Mani Ratnam weighs in on actors' salaries and the rise of pan-Indian films
"We see Tamil dubbed Hollywood films, so why not watch dubbed Kannada films?" Mani Ratnam said.
A star hotel in Chennai witnessed the presence of veteran director Mani Ratnam, producer TG Thyagarajan of Sathya Jyothi films and actor Prashanth for the launch of a new software named Honey Flicks that its makers promise to manage film productions better while also making films cost-efficient.
After the launch, while addressing the media people, director Mani Ratnam fielded questions on the use of technology, artist remuneration and the pan-Indian film trend. When asked about how a software might intrude on the artistic properties of making a film, he said, "Films aren't completely the works of art as it also involves other aspects like commerce, coordination and man-management. I don't think a single film in the world is made without using multiple software. They are essential and software becoming an end-to-end means is definitely a breakthrough for the industry. While it doesn't mean that the usage of software will make my films better, they aid in making the process efficient.
The high salaries lead actors command have recently become a point of debate after several industry bigwigs have come out and stated that to be the reason for big-budget Tamil films not being up to the mark. When questioned about that, the ace director said, "How much an actor is paid is in the hands of the producer. What happens there is between just them. Everything else that's spent comes under production cost. How to be efficient and effective with that is integral and software like Honey Flicks lends us a hand in getting that right."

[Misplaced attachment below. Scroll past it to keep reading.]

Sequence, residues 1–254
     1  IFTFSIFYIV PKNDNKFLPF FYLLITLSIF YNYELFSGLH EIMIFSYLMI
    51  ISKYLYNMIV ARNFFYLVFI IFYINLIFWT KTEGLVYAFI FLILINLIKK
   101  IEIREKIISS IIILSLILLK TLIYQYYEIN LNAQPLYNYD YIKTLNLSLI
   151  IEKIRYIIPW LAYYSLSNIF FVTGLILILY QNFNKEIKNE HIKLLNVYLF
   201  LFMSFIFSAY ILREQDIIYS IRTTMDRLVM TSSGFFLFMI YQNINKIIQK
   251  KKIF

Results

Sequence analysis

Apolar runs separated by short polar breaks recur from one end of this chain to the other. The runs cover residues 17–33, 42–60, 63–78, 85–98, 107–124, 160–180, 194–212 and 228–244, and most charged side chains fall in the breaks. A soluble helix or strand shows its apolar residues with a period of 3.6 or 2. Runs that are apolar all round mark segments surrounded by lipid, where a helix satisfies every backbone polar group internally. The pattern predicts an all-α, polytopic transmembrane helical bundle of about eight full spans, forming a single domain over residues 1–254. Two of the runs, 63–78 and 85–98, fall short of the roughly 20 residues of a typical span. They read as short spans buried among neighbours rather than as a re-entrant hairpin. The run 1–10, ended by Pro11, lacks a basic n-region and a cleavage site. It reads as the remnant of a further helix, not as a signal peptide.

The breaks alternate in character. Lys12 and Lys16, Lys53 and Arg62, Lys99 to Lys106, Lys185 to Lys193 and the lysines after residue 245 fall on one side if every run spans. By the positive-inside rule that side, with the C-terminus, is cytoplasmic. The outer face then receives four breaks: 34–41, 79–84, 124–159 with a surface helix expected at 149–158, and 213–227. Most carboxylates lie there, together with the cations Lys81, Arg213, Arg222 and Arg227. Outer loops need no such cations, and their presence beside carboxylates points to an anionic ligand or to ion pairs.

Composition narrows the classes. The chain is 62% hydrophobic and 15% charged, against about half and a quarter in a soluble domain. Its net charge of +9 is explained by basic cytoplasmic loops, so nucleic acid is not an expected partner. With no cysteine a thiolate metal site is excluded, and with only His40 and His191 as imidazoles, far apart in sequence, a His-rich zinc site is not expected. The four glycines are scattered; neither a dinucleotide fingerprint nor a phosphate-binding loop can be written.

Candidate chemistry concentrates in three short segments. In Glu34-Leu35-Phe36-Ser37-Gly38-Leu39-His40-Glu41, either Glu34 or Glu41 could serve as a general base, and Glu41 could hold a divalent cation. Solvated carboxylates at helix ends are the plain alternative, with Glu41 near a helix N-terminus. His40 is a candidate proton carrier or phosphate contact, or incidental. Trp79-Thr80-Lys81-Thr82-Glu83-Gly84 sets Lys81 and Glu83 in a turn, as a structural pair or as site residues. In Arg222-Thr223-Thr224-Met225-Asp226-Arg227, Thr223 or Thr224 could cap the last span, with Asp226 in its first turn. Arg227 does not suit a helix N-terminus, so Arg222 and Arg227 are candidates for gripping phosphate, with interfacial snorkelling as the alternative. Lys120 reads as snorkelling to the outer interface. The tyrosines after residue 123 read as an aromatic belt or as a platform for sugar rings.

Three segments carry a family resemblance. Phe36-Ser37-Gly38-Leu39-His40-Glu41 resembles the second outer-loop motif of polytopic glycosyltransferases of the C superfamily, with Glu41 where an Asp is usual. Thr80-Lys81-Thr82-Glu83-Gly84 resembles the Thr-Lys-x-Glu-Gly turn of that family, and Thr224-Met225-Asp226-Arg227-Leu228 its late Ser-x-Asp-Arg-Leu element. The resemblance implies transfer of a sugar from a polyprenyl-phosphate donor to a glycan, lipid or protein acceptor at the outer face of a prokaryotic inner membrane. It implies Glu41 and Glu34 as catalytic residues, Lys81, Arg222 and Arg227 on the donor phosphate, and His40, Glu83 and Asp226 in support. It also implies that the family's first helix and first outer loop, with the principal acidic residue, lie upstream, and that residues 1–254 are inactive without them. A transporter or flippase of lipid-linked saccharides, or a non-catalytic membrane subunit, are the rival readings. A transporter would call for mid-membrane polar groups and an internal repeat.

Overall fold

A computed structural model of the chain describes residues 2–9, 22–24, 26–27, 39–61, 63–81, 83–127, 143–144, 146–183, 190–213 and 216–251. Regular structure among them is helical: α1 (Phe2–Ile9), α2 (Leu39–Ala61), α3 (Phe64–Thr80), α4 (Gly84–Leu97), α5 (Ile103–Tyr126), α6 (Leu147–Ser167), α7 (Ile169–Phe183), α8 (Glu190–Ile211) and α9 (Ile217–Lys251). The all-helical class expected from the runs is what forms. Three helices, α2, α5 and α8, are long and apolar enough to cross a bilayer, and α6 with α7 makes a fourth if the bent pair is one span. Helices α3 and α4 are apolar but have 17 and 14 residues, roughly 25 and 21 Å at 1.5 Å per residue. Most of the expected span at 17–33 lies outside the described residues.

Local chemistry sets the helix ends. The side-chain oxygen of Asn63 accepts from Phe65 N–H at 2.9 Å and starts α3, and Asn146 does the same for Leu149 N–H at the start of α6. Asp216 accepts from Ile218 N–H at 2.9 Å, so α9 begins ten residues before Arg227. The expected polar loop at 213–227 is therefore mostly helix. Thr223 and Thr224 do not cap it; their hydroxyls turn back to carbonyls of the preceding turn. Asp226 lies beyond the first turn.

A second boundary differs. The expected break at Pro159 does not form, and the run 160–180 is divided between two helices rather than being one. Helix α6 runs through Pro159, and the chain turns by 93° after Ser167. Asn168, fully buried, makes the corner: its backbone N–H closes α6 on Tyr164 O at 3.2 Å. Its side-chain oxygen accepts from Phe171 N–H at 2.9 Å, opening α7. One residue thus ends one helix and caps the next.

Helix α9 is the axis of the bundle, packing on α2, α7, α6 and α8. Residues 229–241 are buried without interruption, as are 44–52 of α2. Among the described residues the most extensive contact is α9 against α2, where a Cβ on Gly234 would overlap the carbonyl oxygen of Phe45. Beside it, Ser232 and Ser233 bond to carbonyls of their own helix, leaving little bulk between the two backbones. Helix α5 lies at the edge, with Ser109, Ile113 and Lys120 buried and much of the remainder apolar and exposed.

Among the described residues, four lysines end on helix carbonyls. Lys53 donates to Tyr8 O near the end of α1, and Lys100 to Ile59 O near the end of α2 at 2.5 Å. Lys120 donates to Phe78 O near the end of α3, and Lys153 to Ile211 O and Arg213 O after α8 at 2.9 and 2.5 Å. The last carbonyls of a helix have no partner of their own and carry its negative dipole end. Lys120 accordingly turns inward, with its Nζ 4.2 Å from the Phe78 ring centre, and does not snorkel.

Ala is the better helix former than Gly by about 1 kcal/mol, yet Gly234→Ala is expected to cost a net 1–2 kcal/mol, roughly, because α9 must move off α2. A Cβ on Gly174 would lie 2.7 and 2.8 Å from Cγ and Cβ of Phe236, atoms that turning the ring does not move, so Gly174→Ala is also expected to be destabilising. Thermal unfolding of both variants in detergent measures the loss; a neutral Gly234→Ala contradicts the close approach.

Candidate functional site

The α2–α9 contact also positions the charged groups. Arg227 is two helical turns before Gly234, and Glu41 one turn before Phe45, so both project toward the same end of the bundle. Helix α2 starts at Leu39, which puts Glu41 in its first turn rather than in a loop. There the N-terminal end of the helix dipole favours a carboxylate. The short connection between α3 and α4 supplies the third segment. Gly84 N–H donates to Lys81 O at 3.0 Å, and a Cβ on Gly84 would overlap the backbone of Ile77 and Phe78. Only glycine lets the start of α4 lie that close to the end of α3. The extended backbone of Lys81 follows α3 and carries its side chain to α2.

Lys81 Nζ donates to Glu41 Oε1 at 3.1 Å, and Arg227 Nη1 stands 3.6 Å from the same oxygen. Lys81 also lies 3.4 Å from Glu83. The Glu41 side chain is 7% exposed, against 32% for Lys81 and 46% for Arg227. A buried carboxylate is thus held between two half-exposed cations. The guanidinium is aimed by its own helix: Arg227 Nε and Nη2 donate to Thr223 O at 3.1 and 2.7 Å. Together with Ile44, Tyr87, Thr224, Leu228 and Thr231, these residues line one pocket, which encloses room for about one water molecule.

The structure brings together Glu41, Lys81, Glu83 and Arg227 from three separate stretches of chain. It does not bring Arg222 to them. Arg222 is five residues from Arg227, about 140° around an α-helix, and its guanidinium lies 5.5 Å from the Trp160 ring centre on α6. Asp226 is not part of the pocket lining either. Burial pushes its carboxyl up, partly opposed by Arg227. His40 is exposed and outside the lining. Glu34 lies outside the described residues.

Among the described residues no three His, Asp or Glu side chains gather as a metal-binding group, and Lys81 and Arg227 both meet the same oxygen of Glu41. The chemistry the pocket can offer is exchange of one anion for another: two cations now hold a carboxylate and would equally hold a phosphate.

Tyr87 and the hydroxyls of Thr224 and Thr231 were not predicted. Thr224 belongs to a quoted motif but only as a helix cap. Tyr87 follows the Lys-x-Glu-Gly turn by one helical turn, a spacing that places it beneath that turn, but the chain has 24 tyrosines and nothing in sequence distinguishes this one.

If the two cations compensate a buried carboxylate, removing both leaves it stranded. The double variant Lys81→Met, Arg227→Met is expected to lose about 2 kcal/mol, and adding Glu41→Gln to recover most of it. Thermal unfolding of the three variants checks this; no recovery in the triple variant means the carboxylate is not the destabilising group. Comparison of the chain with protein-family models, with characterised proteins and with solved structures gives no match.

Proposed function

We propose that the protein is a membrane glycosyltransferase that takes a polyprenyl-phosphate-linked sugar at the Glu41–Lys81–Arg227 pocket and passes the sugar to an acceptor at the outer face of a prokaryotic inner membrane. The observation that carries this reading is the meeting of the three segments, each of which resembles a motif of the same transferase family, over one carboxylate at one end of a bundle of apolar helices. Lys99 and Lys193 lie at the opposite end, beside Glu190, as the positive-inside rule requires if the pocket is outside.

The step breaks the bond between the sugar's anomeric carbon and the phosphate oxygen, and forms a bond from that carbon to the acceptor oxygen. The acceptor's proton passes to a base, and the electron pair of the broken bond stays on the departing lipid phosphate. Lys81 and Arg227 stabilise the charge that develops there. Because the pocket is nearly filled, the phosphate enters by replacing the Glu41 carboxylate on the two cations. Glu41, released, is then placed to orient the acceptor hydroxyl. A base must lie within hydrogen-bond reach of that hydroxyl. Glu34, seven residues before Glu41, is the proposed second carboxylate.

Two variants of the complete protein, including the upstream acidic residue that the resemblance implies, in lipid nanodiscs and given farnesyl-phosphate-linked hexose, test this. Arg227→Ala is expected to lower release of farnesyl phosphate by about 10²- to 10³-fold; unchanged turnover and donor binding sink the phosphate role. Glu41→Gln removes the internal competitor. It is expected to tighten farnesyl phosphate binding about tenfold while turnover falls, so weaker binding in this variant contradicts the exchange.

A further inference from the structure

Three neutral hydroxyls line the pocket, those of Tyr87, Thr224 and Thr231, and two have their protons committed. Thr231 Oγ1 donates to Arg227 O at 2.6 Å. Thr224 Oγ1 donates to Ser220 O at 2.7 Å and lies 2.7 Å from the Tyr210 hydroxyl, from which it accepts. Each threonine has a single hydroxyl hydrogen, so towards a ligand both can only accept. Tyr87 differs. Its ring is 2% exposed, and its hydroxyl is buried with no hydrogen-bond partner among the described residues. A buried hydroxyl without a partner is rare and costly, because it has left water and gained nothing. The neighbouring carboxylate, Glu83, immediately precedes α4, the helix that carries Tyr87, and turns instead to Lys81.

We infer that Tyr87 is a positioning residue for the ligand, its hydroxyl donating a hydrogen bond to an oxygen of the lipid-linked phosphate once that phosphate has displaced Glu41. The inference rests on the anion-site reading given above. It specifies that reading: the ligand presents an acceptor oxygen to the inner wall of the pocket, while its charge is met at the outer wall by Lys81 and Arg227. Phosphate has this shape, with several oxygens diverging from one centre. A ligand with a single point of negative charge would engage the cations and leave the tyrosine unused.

Speaking about how films made by other industries are turning out to be a success in Tamil Nadu, Mani said, "This isn't something new. But since the frequency at which the films are coming out has increased and they are also making an impact in the North, it has become a topic of conversation. We did a film like Chandralekha which made a mark even in the northern states and we didn't ask this question when that happened (smiles). A film garnering additional eyeballs is a positive trend which cannot be stopped by anyone. We see Tamil dubbed Hollywood films, so why not watch dubbed Kannada films? We just have to be mindful to be extra-efficient while doing bigger films. The film should reflect the budget that has gone into making it and that should be the aim." When asked if Tamil films can do something similar in other states, he replied smilingly, "If a film is good, it will definitely break boundaries. It's all in our hands. Tamil cinema's standard is very rich. There are a lot of talented new filmmakers with brilliant ideas. I'm very proud of that."